Ukrainian first lady Olena Zelenska carried the message personally to Washington on Wednesday, making a rare appearance before Congress by a foreign first spouse. She pleaded for more weapons, saying Russia was “destroying our country.″
Despite the Ukrainians’ renewed optimism, military analysts and Western officials say that it’s far too soon to forecast a turn in fortunes and that a long slog seems likely. They caution against hanging too many hopes on particular weapons amid the chaos and fluidity of a front line that winds hundreds of miles from Kharkiv in the north to Mykolaiv in the south.
“We are now achieving what we have not achieved before,” said Taras Chmut, director of a nongovernmental group aiding Ukrainian soldiers. “But there was no breakthrough at the front. There is no panacea, no magic wand, that will lead to victory tomorrow.”
Still, in Kyiv this week, senior Ukrainian security officials projected optimism.
“The faster our partners supply us with weapons, the faster we will end this war,” said Oleksiy Danilov, head of Ukraine’s national security council. Ukraine has no intention of ceding territory in a negotiated settlement, as some in the West have suggested, he said. “This is just a question of who beats whom.”
Ukraine received affirmation of its strategy from the United States on Wednesday, when the Pentagon committed to supplying four more HIMARS rocket launchers and other potent weaponry, including two NASAMS air-defense systems to help Ukraine protect against missile strikes. And Defence Secretary Lloyd Austin offered a more optimistic assessment of Ukraine’s chances
“Our assistance is making a real difference on the ground,” Austin told a gathering of Western defence officials. “Russia thinks that it can outlast Ukraine — and outlast us. But that’s just the latest in Russia’s string of miscalculations.”
Britain’s top intelligence officer, Richard Moore, head of MI6, also provided an optimistic assessment, saying of Russia’s military “I think they are about to run out of steam.” Moore said Russian forces “will have to pause in some way, and that will give Ukrainians opportunities to strike back.”
Away from the battlefield, Ukraine got renewed economic support from the European Union, which is proposing that members reduce their gas consumption, fearing that President Vladimir Putin will cut off Russia’s gas exports to them. On Thursday, Russia resumed the flow of gas through a vital pipeline to Germany, easing fears of shortages, at least for the moment.
A month ago, it looked like Russia had a significant upper hand. Ukrainian soldiers fought fierce, bloody and ultimately losing street battles and artillery duels for the cities of Sievierodonetsk and Lysychansk in eastern Ukraine. Some Western officials questioned the wisdom of such a scorched-earth approach, saying Ukraine could not win a war of attrition.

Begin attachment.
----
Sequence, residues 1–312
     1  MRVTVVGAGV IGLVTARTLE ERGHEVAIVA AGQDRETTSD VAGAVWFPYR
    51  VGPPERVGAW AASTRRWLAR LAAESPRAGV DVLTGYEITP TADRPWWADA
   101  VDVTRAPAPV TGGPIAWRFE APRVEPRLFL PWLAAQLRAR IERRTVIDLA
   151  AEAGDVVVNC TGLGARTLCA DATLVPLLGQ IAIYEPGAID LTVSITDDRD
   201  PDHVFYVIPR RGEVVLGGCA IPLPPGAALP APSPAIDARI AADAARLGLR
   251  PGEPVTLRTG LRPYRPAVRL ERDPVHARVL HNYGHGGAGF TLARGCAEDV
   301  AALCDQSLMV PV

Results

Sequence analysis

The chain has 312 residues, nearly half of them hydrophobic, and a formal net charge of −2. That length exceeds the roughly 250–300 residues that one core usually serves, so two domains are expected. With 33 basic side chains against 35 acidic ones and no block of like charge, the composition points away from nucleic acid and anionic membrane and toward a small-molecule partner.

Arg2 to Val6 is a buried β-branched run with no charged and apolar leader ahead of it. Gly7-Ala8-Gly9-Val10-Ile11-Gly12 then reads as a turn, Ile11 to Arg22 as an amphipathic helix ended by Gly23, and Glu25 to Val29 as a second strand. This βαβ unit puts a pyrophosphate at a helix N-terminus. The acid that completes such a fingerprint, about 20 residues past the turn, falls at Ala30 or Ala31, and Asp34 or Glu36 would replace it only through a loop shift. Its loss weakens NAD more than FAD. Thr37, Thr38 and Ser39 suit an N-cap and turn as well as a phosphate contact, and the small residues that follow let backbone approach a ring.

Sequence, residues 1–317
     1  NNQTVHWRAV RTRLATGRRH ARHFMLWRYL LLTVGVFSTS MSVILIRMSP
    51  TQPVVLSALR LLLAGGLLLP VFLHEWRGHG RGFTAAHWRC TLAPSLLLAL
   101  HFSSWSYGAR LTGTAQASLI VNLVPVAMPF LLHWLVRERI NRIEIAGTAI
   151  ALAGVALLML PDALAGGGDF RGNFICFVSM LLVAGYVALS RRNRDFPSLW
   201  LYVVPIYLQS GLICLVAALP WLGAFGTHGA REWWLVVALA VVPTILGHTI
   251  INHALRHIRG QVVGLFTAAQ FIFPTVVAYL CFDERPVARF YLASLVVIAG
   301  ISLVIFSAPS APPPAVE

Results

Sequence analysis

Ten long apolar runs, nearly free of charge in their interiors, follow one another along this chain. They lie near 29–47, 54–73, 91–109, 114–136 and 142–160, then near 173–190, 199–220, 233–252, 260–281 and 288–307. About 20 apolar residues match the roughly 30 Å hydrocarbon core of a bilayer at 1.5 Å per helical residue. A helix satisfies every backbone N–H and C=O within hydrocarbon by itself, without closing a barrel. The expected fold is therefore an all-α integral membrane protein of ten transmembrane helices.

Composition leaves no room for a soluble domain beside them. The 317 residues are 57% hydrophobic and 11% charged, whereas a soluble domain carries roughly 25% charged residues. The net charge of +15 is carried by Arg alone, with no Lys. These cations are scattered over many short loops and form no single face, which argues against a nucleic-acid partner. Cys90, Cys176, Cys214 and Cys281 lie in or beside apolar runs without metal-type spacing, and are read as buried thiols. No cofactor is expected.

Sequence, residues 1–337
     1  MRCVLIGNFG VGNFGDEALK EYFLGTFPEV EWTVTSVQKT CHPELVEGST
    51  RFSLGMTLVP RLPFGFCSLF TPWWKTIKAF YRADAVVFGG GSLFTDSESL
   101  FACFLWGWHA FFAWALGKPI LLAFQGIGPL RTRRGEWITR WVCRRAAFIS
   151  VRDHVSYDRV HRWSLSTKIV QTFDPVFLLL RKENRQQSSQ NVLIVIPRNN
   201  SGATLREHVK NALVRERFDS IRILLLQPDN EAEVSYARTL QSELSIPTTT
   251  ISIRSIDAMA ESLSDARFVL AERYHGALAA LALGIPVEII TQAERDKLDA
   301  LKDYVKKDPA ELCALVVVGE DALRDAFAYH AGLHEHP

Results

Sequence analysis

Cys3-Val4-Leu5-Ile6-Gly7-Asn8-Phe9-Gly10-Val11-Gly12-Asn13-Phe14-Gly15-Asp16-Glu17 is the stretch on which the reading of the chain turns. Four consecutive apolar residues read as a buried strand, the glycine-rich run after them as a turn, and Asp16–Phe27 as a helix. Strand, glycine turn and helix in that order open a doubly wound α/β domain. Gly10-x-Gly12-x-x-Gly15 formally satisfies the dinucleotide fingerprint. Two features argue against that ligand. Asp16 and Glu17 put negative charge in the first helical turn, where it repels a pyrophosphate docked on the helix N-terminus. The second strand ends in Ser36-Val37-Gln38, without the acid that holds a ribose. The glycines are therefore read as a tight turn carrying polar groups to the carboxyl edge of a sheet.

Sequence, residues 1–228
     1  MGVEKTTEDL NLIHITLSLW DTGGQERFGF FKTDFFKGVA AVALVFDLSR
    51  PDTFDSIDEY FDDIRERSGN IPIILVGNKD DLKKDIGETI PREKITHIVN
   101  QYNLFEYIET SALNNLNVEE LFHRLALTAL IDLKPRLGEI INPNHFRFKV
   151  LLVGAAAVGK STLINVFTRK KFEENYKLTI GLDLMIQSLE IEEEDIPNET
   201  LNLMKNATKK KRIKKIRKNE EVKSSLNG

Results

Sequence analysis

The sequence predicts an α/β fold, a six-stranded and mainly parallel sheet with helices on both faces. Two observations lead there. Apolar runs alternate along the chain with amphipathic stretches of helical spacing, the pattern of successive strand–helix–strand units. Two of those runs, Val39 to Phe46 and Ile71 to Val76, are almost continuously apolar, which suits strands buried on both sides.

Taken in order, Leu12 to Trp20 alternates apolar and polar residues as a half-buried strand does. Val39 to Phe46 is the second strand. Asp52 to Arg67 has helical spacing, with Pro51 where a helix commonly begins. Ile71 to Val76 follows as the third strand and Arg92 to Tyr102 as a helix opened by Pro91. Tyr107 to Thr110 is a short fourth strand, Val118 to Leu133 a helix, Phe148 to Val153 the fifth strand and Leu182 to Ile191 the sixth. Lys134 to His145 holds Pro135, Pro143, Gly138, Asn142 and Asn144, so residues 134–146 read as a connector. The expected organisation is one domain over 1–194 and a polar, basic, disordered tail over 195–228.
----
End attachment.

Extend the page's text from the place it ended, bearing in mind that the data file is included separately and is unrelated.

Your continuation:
Even President Volodymyr Zelenskyy, in a rare public rumination over strategy, acknowledged the high costs in lives of trying to hold ground against the brunt of Russia’s army in the mostly deserted, destroyed communities, which he called “dead cities,” saying 60 to 100 Ukrainian soldiers were dying each day. Other Ukrainian officials put the toll higher.
Ukrainian commanders said drawing out the phase of urban combat inflicted more casualties on the Russians than Ukrainians. Reznikov, the Ukrainian defence minister, said that 9,000 to 11,000 Russian troops were killed in the fighting there, which he said justified the Ukrainian tactics. (His claim could not be independently verified).
The intensity of the fighting has diminished in the Donbas since Sievierodonetsk fell and the Ukrainians withdrew from Lysychansk, suggesting the Russians were either pausing to reposition or that their capabilities were significantly degraded. Attention has shifted south and west to the area near the Dnieper River, where Ukraine has made use of long-range artillery supplied by Western countries including the United States to strike targets deeper behind the front lines.
As it steps up attacks in the south, Ukraine is confronting another strategic quandary: how it should use its new, lethal capabilities. Concentrate firepower to defend in the east or attack toward the occupied southern city of Kherson, which is held by Russians but seen as vulnerable?
“Strategy is about choices, and choices come with trade-offs,” said Michael Kofman, director of Russian studies at CNA, a research institute in Arlington, Virginia.
Western officials understand Ukraine’s desire to reclaim territory and deliver a victory that will give hope to its people. But some Western officials fear its military is not ready for a major counteroffensive in the region near Kherson.
Ukraine counters that it has avoided hasty or risky maneuvers with the new weaponry and will not move prematurely.
“We understand we do not have enough resources now to take an active strategy,” said Brigadier General Oleksandr Kyrylenko, deputy chief of staff of the Ukrainian armed forces. “We are working with our partners. When we have enough, we will decide on future actions.”
Defeating the Russian army remains within Kyiv’s reach now but not indefinitely as Western support rides on signs Ukraine can liberate occupied areas, said Evelyn Farkas, director of the McCain Institute and a former deputy assistant secretary of defence for Russia, Ukraine and Eurasia.
“It’s not enough for them to hold back the Russians,” Farkas said. “If the Ukrainians cannot show some battlefield success, and the more dramatic the better, U.S. and European support for the war effort will weaken.”
This article originally appeared in The New York Times.
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